Photo credit: Patric Leo
“Concerto Palatino delivers delicious sonic bliss where the flamboyant art of improvisation triumphs: lucky Venetians who were surrounded every day with the beauty of a music so learned and so brilliant.”
“Veritable fireworks of musicality...coupled with shimmering virtuosity in all the instruments and a lively spirit of interpretation. The musicians played with effortless technical mastery. Every phrase, bursting with intensity, made one wish for more.”
For over two decades, Concerto Palatino, under the direction of Bruce Dickey and Charles Toet, has been leading the way in the revival of the cornetto and baroque trombone. Their highly acclaimed concerts and recordings have brought an appreciation of their important but little known music to modern audiences, and stimulated many young players to take up these instruments, practically unknown a generation ago.
The cornetto is a wind instrument made of wood, covered with leather, and played with a small cup-shaped mouthpiece. Once considered "the most perfect of all musical instruments", it endured nearly a century and a half of complete neglect until it began to be revived in the 1950’s. With its warm, vocal character and extreme agility, the cornetto was a natural match for the trombone. For over two hundred years, from the beginning of the 16th century to the middle of the 18th, these instruments combined in towns, courts and churches to form a consort of rare and resonant beauty. (For more on the decline of the cornetto, click here.)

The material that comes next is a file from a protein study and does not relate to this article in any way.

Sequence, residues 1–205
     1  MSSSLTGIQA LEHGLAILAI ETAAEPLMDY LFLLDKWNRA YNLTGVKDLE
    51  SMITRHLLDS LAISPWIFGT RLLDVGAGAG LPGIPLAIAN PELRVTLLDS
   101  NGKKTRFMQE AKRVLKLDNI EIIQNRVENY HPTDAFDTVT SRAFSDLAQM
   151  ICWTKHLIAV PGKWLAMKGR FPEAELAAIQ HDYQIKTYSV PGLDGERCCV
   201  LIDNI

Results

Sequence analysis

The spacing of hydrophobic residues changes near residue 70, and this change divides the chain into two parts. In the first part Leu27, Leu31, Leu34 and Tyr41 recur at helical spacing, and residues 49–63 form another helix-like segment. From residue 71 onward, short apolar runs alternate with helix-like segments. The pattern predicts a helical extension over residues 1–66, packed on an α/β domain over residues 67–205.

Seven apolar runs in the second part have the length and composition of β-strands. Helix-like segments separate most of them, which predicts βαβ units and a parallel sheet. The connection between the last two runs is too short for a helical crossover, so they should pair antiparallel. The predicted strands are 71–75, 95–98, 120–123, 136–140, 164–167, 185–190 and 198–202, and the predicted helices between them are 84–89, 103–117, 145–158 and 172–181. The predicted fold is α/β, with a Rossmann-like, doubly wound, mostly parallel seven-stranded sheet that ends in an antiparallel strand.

The group takes its name from a historical ensemble of cornettists and trombonists which existed in the city of Bologna for over 200 years under the name, Il concerto palatino della Signoria di Bologna. Following in the footsteps of these former virtuosi, their aim is to restore these instruments to an active and respected place in concert life, and to cultivate a love of their music among audiences and players alike.
Inevitably, much of their repertoire is sacred, as these instruments were a fixture of musical chapels in both the Catholic south and the Protestant north, from the time of the first flowering of Flemish polyphony in the early 16th century through their twilight years at the time of J.S. Bach, one of the last composers to employ them in a serious way.